Pan Am Oaxaca circa 1950
Pan Am Oaxaca circa 1950.Courtesy of AbeBooks
Pan Am Oaxaca circa 1950
Air France Corse / Corsica 1952.
SAS Norway 1958.
United Air Lines New York 1971.
TWA Spain circa 1960.
TCA Nassau 1954.
Pan Am Argentina 1951.
TWA Europe circa 1960.
Continental Colorado 1960.
BOAC Africa circa 1960.
Pan Am Oaxaca circa 1950.
Courtesy of AbeBooks
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See the Vintage Airline Posters That Helped Imaginations Take Flight

This week, the industry group Airlines for America announced that they're projecting a record-high 234.1 million passengers would travel on a U.S. airline this summer, between June 1 and Aug. 31, 2017. That number represents a 4% increase over last year's summer travel volume, which analysts trace to an improving economy. Though such projections these days may most immediately provoke worry about delays and other airport problems, air travel wasn't always something to be dreaded.

These posters, from a collection curated by AbeBooks.com, an online books and collectibles marketplace, are a reminder of what flying was like at the advent of the period seen as the golden age of air travel. In that period, starting in the 1950s, air travel was right in the sweet spot for accessible luxury: still new and exciting and with the trappings of luxury, but evolved enough that consumers had access to destinations that would have been out of reach for all but the richest in former decades.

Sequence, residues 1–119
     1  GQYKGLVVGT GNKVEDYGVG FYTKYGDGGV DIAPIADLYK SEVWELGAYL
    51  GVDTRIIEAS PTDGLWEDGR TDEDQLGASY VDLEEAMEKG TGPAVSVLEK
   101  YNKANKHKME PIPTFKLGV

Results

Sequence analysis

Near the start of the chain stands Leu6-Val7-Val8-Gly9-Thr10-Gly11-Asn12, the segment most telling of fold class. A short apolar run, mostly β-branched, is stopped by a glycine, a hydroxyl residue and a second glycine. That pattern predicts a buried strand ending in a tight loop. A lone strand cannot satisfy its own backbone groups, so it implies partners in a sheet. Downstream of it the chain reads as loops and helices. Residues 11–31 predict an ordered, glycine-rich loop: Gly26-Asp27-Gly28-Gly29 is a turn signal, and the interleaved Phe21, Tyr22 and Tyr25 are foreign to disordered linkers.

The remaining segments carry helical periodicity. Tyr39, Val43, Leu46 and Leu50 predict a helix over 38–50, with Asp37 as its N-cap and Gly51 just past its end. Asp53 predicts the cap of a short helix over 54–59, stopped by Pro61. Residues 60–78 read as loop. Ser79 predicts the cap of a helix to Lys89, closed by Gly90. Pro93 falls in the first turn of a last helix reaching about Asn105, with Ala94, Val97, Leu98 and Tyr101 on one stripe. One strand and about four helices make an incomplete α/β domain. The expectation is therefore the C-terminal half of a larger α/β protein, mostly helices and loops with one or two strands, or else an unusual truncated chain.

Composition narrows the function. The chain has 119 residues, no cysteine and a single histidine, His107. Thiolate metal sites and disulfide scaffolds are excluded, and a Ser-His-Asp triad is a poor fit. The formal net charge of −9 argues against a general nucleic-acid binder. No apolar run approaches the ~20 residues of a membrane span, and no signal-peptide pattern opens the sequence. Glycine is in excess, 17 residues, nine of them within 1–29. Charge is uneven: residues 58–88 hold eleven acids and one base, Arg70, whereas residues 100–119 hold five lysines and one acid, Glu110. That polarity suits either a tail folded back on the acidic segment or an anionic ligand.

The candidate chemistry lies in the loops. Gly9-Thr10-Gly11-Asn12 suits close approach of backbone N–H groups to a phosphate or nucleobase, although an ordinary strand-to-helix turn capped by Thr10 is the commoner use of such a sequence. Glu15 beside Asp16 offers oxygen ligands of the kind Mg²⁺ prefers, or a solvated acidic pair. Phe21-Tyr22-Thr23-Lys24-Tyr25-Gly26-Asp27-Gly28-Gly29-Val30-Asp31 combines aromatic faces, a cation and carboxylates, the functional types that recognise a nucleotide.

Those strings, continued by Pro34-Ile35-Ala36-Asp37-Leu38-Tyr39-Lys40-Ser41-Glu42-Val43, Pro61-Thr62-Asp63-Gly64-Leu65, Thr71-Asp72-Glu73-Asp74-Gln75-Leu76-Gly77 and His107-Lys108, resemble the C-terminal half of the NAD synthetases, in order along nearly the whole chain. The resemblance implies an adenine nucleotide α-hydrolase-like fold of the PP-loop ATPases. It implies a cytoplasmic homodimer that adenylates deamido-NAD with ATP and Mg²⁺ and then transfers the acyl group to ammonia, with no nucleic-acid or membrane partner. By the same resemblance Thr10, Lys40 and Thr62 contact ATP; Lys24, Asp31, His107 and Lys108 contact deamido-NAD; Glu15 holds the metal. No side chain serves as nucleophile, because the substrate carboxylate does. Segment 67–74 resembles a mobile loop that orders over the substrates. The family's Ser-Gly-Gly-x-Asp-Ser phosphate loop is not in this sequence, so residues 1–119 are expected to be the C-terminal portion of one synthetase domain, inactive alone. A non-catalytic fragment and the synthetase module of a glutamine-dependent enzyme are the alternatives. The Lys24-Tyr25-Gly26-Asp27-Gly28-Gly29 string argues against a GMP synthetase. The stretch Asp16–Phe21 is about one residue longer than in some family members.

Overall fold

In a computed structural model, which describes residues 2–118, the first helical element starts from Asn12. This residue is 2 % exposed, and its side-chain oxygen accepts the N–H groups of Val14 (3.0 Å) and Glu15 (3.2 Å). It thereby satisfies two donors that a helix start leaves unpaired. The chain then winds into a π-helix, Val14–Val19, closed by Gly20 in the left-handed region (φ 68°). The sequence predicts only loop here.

As Richard Davies wrote for AbeBooks, vintage airline posters can be very rare because they were not originally printed to be kept or purchased by consumers. They were ads that would be hung in relatively small numbers in places like airports, and they would be thrown away when the campaign was over. (This is a problem for poster collectors in general.)

According to the book Art of the Airways by Geza Szurovy, though airline poster art can be traced back to 1914 and the very first airline, the 1950s saw the form reach its peak just as aviation became a mature industry. Notably, posters from that period and later tended to focus not so much on the plane itself as where it could get you. "[The] allure of exotic destinations was a strong draw from the beginning," Szurovy writes, "and as airline safety improved and speed was taken for granted the destination became the dominant theme." As the posters above show, destination-themed posters reminded travelers of all the amazing places they could reach by plane, and enticed them to consider visiting new places. (One negative result of trying to sell the world to Americans, Davies notes, is that the airlines did sometimes turn to stereotypes as a shorthand.)

After the 1950s, the art form began to fade, replaced gradually by advertisements that featured color photography instead.

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